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Report: Enrollment Surges for SD Health, Social-Service Programs

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Nearly 90,000 South Dakotans received SNAP benefits in Nov. 2018, according to the South Dakota Department of Social Services. (nokidhungry.org)
Nearly 90,000 South Dakotans received SNAP benefits in Nov. 2018, according to the South Dakota Department of Social Services. (nokidhungry.org)
 By Roz Brown - Producer, Contact
January 25, 2019

SIOUX FALLS, S.D. – A new report shows more South Dakotans are relying on safety-net programs that help lower-income families.

South Dakota's KIDS COUNT and the University of South Dakota's Public Health Programs analyzed enrollment for health and social-service programs since the Great Recession, starting in 2007. They found that families with children participating in the Supplemental Nutrition Assistance Program or food stamps increased significantly from 2007 to 2017.

Chelsea Wesner, an instructor with the USD Public Health Programs, says the increase was seen across all childhood age groups.

"We know that access to healthy food and health care are really important social determinants of health, especially among families with children,” says Wesner. “And hunger and food insecurity are really adverse childhood experiences, and something we should be able to prevent."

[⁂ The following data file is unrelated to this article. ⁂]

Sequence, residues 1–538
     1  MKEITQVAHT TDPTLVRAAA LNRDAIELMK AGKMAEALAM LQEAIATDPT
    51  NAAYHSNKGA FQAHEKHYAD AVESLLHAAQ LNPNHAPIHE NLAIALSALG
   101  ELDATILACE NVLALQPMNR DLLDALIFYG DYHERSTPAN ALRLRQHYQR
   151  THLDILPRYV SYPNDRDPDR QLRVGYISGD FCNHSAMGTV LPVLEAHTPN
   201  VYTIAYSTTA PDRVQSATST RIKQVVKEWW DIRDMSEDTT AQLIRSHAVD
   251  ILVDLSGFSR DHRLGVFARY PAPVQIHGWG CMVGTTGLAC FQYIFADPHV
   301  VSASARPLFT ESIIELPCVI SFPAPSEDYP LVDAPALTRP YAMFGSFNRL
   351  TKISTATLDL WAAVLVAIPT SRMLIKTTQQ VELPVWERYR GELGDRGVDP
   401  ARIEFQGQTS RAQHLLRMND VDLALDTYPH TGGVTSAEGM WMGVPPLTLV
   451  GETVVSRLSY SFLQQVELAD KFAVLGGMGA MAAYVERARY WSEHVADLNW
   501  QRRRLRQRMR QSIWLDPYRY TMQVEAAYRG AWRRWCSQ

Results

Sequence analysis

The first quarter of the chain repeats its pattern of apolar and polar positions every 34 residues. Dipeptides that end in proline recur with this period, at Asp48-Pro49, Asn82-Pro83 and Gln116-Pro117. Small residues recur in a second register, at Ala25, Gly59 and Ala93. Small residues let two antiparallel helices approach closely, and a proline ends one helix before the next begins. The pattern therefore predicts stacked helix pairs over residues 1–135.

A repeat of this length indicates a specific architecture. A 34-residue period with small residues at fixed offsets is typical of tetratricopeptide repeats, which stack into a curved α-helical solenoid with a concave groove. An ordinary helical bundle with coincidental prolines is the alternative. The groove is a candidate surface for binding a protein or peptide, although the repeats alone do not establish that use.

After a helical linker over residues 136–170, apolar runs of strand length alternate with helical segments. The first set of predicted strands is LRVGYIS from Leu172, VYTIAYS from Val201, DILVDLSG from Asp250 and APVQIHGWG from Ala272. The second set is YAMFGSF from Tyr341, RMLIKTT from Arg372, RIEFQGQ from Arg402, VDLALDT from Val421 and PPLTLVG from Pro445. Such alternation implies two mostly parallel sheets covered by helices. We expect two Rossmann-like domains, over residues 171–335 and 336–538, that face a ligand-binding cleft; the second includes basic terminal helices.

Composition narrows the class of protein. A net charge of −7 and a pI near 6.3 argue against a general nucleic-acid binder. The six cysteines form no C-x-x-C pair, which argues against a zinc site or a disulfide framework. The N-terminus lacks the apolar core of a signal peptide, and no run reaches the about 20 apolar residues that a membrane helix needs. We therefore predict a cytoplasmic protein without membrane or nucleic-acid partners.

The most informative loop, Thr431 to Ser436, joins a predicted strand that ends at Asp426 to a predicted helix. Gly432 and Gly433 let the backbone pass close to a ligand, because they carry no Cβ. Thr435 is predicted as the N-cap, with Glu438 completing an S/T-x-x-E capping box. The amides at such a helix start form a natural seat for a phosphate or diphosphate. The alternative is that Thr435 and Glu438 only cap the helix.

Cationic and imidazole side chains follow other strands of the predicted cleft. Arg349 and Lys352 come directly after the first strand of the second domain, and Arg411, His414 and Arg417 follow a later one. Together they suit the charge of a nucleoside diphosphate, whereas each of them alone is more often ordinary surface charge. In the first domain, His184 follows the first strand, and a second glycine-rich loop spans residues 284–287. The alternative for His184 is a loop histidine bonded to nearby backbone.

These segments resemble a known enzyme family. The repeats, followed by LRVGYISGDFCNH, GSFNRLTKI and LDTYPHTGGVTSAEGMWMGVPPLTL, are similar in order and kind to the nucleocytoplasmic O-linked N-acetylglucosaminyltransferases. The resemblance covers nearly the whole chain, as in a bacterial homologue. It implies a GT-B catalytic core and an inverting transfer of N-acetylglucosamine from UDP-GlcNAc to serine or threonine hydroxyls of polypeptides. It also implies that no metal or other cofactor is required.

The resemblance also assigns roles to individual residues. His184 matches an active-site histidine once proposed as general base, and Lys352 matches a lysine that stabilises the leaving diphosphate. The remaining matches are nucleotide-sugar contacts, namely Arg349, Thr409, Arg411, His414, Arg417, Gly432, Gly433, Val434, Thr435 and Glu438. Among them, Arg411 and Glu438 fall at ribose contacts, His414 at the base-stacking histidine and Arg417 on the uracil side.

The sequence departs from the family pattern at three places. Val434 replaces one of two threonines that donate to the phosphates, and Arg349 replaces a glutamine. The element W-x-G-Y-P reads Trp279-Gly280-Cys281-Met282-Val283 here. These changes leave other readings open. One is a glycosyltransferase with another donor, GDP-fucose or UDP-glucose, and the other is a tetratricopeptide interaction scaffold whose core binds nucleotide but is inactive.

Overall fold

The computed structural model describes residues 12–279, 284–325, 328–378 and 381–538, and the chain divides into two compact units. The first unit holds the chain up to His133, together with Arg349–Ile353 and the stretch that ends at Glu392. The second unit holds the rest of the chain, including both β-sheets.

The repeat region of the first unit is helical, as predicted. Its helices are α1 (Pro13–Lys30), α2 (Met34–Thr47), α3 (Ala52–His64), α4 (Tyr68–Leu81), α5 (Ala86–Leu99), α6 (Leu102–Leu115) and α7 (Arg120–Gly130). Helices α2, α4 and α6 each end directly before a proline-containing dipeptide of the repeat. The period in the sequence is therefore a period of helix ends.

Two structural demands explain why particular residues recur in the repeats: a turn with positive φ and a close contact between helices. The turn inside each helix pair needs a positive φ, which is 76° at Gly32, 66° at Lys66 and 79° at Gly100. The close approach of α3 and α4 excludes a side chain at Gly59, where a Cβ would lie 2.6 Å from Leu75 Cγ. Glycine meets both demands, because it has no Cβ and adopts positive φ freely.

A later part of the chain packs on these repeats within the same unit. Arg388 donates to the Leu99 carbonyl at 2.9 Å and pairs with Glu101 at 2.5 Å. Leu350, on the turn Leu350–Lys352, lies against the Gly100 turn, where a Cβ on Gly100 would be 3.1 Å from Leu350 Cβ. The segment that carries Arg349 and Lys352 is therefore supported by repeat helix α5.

The data also shows an increase in the number of children enrolled in Medicaid and the Children's Health Insurance Program in the past ten years, and a small increase in the National School Lunch Program.

Carole Cochran, program director at South Dakota KIDS COUNT, says the research showed a minor decline in the number of families enrolled in WIC – the Women, Infants and Children program. But when it comes to putting food on the table, she says the increased numbers of people needing SNAP benefits is significant.

"Twenty-five percent for the younger-age children, zero to four; 56 percent among children ages 5 to 13; and 47 percent among youth ages 14 to 17," says Cochran.

Wesner says in Clay County, where the university is located, more families have used food pantries in the past five years and relied on the BackPack Program that sends at-risk kids home with food for weekends. She says social-service providers, schools and nonprofits need to know what's going on locally, because each county is different.

"So, it's really important at the local level for those counties to take note of which age groups and which families might need the most assistance and help,” says Wesner.

The new report is online at 'SDKIDSCOUNT.org.'

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